A few years ago a rumour started circulating in Vietnam: it was said a high-level Vietnamese government official had been cured after consuming rhino horn. The rumour is considered to be false, given the fact that rhino horn is made up of keratin, the same substance as human fingernails. It had terrible consequences, however, because it sparked a surge in demand for rhino horn from Vietnam. This demand led to an unprecedented rise in the illegal killing of rhinos in Southern Africa and the trafficking of rhino horns from all over the world, including the EU. Prices of rhino horn now surpass that of gold ($55.000 per kg), and so it is no wonder rhino horn trafficking has spiralled out of control.

Whereas in Africa live rhinos are being killed for trade, in Europe it is old horns from museums, antique shops and private collections that have become the target of criminals wanting to cash in. Thanks to good criminal analysis work by EUROPOL, in 2010 it emerged that members of an Irish organized crime gang, the Rathkeale Rovers, were stealing and illegally buying up rhino horns all across Europe.[1] Despite the publicity concerning this rhino horn smuggling ring and preventive measures taken by museums, the rhino horn thefts are still on-going. Recent incidents happened in Portugal (March 2013)[2], the UK (April 2013) and Ireland (April 2013).[3]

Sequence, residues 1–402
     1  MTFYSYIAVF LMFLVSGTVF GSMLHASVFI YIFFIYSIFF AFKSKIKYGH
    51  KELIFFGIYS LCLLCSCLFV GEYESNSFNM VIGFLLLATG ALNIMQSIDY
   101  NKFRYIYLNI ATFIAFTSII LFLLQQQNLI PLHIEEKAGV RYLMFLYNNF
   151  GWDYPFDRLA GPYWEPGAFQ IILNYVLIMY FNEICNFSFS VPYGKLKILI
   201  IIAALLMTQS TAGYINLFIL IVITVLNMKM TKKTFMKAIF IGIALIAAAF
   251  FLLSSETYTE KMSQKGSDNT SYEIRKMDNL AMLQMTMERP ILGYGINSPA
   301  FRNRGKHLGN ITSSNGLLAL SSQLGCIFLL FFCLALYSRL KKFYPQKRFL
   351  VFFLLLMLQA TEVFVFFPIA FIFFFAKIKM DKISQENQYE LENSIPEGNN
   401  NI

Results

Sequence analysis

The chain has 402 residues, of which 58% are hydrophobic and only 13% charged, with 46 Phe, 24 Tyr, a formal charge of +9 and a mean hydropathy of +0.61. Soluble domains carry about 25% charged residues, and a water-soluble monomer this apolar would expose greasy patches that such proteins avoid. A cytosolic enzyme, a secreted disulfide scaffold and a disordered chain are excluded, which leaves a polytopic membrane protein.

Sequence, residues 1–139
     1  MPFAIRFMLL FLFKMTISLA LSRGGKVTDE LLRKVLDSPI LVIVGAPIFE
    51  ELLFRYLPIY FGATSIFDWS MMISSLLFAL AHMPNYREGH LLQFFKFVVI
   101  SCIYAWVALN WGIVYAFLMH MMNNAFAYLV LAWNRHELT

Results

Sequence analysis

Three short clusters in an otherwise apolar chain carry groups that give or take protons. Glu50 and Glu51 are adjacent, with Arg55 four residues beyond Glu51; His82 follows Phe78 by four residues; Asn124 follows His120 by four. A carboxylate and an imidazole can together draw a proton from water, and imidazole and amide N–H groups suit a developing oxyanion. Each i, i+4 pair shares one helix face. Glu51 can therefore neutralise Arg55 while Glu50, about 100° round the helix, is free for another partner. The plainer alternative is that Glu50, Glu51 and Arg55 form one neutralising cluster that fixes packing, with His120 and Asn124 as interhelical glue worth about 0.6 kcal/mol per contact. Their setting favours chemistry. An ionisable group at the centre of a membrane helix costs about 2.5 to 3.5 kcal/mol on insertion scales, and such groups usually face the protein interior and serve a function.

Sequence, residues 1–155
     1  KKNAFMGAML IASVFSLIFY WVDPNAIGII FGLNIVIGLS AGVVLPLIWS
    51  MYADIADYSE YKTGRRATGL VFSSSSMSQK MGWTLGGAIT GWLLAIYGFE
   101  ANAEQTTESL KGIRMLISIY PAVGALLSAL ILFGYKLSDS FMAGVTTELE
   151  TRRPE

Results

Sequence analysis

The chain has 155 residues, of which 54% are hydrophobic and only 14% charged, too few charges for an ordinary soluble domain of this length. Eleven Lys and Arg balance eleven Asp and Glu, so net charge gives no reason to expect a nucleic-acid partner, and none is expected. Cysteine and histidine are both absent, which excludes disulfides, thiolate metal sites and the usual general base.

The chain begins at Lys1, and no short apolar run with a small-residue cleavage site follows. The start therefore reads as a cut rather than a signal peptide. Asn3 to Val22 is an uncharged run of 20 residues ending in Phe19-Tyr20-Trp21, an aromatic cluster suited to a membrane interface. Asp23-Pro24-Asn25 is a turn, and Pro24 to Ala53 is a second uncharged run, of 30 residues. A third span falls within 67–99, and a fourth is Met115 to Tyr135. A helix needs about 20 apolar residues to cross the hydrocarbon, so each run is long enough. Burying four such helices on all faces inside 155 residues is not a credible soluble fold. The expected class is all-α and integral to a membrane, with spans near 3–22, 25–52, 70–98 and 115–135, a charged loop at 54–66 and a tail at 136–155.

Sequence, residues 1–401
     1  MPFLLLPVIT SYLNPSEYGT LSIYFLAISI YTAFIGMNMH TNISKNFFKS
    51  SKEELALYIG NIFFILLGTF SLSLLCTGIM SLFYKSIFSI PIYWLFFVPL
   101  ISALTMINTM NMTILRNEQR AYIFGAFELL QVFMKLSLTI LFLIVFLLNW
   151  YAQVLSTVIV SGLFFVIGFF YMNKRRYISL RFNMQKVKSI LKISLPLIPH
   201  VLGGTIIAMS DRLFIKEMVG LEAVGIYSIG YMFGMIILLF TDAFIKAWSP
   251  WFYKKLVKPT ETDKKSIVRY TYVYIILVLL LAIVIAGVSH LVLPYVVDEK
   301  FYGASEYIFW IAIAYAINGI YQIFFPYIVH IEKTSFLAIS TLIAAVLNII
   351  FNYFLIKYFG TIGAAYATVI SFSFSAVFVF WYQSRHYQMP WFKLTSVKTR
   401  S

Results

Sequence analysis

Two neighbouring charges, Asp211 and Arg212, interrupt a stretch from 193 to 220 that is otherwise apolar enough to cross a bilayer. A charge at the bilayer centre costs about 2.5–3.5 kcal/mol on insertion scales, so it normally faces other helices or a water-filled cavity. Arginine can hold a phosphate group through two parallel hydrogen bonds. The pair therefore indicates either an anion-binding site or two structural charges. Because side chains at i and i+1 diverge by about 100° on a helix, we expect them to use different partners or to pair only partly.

Other groups and individuals have also become involved in the illegal rhino horn trade in and from Europe:

–        In 2012 the Czech Republic’s authorities discovered that Vietnamese nationals residing in the Czech Republic were recruiting Czech citizens to shoot rhinos in South Africa under the guise of a hunting permit and bring the horns back to the Czech Republic. The horns were then most likely smuggled to Vietnam.[4]